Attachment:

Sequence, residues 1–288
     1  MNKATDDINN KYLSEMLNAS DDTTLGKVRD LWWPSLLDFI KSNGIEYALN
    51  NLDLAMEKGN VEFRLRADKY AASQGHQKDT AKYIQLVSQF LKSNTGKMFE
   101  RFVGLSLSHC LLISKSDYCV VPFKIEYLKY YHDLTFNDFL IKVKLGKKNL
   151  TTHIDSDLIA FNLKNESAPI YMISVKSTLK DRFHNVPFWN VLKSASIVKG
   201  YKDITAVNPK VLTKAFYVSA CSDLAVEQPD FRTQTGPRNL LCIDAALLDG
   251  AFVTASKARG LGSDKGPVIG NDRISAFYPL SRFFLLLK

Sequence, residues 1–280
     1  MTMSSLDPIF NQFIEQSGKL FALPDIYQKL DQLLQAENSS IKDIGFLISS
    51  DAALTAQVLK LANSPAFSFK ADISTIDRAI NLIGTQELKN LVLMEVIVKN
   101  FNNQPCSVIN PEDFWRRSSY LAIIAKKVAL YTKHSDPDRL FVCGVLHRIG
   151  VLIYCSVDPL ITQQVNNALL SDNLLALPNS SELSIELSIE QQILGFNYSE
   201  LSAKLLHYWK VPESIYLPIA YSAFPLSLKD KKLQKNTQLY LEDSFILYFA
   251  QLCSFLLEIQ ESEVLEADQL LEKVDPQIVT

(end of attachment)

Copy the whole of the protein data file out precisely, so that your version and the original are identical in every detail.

Sequence, residues 1–288
     1  MNKATDDINN KYLSEMLNAS DDTTLGKVRD LWWPSLLDFI KSNGIEYALN
    51  NLDLAMEKGN VEFRLRADKY AASQGHQKDT AKYIQLVSQF LKSNTGKMFE
   101  RFVGLSLSHC LLISKSDYCV VPFKIEYLKY YHDLTFNDFL IKVKLGKKNL
   151  TTHIDSDLIA FNLKNESAPI YMISVKSTLK DRFHNVPFWN VLKSASIVKG
   201  YKDITAVNPK VLTKAFYVSA CSDLAVEQPD FRTQTGPRNL LCIDAALLDG
   251  AFVTASKARG LGSDKGPVIG NDRISAFYPL SRFFLLLK

Sequence, residues 1–280
     1  MTMSSLDPIF NQFIEQSGKL FALPDIYQKL DQLLQAENSS IKDIGFLISS
    51  DAALTAQVLK LANSPAFSFK ADISTIDRAI NLIGTQELKN LVLMEVIVKN
   101  FNNQPCSVIN PEDFWRRSSY LAIIAKKVAL YTKHSDPDRL FVCGVLHRIG
   151  VLIYCSVDPL ITQQVNNALL SDNLLALPNS SELSIELSIE QQILGFNYSE
   201  LSAKLLHYWK VPESIYLPIA YSAFPLSLKD KKLQKNTQLY LEDSFILYFA
   251  QLCSFLLEIQ ESEVLEADQL LEKVDPQIVT